The Best Advice, Part V: Harold Danko

During my graduate studies at Eastman, my trumpet professor Clay Jenkins took a semester-long sabbatical leave. Remembering that at least one other trumpet student had done this in the past, I approached then-department chair and professor of jazz piano Harold Danko about the possibility of taking my weekly lessons with him during Clay’s absence. I had long sought information I could apply to the trumpet from great players of other instruments. As a student at Ithaca College, I had frequently found myself the only attendee from outside a particular instrumental studio at the recitals and master classes of guest saxophonists, classical guitarists, and others. From the saxophonists I heard the term “voicing” and was able to relate it to what some brass players might call the “shape” of a given pitch, or, one of my least favorite terms in brass pedagogy, the “oral cavity.” That has always sounded like a dental problem to me. The guitarists sparked in me a recognition that uninhibited articulations are defined by releases, not engagements, and that the end of what we call “tonguing” is where the sound actually starts, just as the release of the string from finger, nail, or pick is the moment at which resonance can blossom. Watching and listening closely to great performers on these other instruments filled me with ideas to experiment with and unburdened me, to an extent, from the problem of thinking that I knew how the trumpet worked. Still, I had never studied privately on an ongoing basis with anyone who was not a trumpet player until this period of time with Harold Danko.

Harold was blunt about his distaste for horn players who act as their own accompanists all the time, constantly providing the responses to all of their own calls, and over-embellishing between phrases with non-thematic flourishes. Aside from all the fat this leaves on the player’s solos, it sabotages opportunities for collaborative playing by the rest of the members of the band. And the fact is, when you have the luxury of playing with such a masterful collaborator as Harold Danko, you would be a fool not to leave room for him. Overplaying in the fashion he so disliked can happen for a number of reasons, but in my opinion, there are three common causes which often occur in combination with each other:

  1. Being an egotistical performer who is more interested in impressing people with shallow tricks than in communicating through music.

  2. A failure to recognize the possibilities orchestration affords, even in duo, trio, or quartet settings. Leaving space is not supposed to be done solely to rest one’s chops or catch a breath, although we’ve all heard those players whose phrase lengths are conspicuously similar, and largely dictated by the relative emptiness of their lungs rather than the integrity of their spontaneous compositions. When writing a piece for an ensemble inside or outside of the jazz realm, a great composer has formal and aesthetic considerations in mind that dictate where the piece will go, what it will do, and which member of the ensemble will play a particular role at a given moment. At times, technical concerns will lead to revisions of the parts based upon playability. Many (mostly younger) jazz soloists go at this backwards, first finding the limits of technique (and with them the limits of an audience’s patience), and then inhabiting the limits as much as possible while musical priorities go by the wayside. Goodbye, development!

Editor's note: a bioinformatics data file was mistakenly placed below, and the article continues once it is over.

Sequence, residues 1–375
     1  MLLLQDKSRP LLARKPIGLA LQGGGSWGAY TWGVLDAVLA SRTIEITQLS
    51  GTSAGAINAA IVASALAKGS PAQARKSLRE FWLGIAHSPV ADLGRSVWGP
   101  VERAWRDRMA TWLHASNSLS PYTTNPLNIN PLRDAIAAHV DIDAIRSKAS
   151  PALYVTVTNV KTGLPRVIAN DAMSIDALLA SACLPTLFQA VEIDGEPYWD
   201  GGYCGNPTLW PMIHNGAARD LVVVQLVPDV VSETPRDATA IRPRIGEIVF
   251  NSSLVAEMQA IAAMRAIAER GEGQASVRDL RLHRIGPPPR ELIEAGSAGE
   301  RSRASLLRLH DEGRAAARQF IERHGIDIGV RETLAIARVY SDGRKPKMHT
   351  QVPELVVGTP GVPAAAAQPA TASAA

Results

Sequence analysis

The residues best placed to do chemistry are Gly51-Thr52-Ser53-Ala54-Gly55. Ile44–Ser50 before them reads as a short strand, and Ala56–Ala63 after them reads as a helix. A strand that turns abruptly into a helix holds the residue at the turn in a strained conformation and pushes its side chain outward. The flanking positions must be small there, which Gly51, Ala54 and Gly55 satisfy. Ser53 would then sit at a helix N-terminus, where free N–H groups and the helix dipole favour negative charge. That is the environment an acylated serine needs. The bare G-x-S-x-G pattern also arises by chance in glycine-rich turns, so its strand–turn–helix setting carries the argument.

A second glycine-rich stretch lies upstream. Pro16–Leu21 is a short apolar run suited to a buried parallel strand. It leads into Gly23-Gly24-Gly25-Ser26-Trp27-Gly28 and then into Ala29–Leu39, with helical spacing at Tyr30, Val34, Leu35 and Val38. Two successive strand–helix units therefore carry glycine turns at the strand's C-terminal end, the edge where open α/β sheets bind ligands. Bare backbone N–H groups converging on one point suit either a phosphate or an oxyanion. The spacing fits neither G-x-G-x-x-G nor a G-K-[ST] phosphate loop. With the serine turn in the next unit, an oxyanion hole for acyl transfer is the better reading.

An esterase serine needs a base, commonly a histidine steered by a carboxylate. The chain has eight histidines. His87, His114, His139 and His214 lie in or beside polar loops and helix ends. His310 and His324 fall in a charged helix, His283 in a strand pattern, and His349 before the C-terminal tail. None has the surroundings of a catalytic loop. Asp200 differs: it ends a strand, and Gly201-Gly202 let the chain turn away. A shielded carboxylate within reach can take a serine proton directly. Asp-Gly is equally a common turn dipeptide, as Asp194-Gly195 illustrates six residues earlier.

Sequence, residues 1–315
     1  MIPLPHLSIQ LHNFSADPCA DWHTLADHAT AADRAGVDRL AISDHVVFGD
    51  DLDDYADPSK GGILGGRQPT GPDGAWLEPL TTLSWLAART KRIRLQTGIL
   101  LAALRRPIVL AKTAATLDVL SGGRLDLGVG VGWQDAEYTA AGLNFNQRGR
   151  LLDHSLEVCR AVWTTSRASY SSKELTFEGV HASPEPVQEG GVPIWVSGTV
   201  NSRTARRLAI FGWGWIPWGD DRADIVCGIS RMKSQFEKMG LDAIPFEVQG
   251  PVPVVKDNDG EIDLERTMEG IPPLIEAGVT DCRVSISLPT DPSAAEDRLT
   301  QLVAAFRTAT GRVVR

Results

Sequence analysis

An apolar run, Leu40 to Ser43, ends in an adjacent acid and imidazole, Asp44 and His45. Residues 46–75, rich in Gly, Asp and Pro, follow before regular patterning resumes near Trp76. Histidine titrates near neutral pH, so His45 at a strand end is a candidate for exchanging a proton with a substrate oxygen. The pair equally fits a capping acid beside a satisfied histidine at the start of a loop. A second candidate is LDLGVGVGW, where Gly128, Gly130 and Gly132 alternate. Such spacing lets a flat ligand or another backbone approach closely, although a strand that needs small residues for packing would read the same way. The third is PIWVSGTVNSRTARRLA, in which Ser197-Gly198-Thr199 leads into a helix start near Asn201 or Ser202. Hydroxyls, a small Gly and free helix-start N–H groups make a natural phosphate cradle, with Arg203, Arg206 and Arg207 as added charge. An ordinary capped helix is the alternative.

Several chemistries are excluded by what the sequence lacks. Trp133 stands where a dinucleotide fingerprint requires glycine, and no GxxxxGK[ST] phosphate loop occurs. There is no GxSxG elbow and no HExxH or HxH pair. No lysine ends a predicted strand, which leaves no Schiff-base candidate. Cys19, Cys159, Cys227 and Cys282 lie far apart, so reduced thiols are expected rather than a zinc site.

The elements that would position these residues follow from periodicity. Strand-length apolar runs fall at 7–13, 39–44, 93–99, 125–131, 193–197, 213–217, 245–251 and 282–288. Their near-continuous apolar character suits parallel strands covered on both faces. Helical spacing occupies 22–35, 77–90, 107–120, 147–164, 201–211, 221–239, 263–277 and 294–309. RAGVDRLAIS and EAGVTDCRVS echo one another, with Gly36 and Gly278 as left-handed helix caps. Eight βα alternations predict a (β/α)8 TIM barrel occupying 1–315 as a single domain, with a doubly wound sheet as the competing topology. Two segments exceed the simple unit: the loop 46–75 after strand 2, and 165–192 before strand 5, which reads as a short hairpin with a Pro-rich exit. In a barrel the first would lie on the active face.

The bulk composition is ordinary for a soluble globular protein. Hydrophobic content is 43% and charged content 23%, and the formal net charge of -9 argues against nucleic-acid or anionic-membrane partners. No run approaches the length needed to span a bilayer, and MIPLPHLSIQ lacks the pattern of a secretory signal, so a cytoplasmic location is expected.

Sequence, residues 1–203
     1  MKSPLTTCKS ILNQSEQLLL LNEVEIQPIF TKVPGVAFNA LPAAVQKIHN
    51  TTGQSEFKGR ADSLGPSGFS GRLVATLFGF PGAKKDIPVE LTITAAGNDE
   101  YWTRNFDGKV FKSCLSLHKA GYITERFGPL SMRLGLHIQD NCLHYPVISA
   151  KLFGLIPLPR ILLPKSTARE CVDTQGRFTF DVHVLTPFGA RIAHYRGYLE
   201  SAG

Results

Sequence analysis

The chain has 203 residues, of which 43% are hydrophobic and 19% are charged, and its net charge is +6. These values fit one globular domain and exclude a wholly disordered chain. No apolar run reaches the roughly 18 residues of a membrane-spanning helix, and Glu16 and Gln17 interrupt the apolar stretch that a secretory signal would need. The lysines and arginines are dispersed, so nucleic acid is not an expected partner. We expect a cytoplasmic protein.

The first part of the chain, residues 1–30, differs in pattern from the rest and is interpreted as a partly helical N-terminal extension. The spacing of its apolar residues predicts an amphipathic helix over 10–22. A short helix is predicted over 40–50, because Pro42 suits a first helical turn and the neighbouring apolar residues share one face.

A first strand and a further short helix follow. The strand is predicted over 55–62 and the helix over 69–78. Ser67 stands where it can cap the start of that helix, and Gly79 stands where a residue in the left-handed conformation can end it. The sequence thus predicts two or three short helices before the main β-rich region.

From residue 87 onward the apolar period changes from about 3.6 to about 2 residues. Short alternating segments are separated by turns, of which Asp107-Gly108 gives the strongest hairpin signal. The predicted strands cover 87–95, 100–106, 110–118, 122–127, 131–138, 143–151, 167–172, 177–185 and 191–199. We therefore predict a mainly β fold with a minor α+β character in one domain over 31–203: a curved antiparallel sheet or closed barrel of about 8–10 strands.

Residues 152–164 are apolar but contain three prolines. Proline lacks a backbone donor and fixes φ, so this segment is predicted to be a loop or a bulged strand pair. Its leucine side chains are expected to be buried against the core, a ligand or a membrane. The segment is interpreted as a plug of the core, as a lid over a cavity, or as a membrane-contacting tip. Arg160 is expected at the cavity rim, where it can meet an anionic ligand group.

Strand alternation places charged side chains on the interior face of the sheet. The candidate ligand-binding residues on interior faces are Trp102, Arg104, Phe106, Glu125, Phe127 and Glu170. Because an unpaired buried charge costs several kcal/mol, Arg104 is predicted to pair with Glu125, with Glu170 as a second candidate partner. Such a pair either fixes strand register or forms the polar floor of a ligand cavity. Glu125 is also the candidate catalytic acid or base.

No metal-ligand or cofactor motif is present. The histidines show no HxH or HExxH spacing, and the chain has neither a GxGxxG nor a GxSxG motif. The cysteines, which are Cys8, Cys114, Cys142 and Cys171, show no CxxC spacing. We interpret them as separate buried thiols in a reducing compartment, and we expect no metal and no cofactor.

3. (The most common.) Force of habit. It is easier for many of us to rely on filling up available space than to trust others to fill it (or leave it empty) in a satisfying way. Learning to let others contribute and to spontaneously create without forcing every last thing we’ve ever practiced to come out the end of the horn takes work and commitment. Also, it can be hard to find musical partners worthy of this kind of trust.

Aside from his help shaping my thinking about common practice jazz improvisation, Harold left me with another boulder-sized idea to reckon with: Trumpet players listen for things in trumpet playing that other people do not. Not only do players of other instruments value qualities other than those trumpet players tend to focus on, but audiences do as well. What a trumpet “should” sound like is up for far more debate than I was willing to entertain at the time this notion began to make its way through my thick skull. As a trumpet teacher, my overarching rule that I have shared with numerous students has long been that “if it sounds good and it doesn’t hurt, you’re probably doing it right.” The problem here is that what “sounds good” is not set in stone. Sounds good when? How? To whom? In what context? There are a lot of ways of sounding good depending on what you are playing, who you are playing with, and who is listening to you. Plus, you can’t please all the people all the time. Some people will revere you even on your worst night, and others could hear everything you’ve ever done and hate every single note. I have a lot more questions than answers on this subject, but one thing is very clear to me: If you plan on playing for a variety of audiences, learn from a variety of teachers.

As always, I welcome your questions and comments below. Thank you for reading!

Nikola TomicComment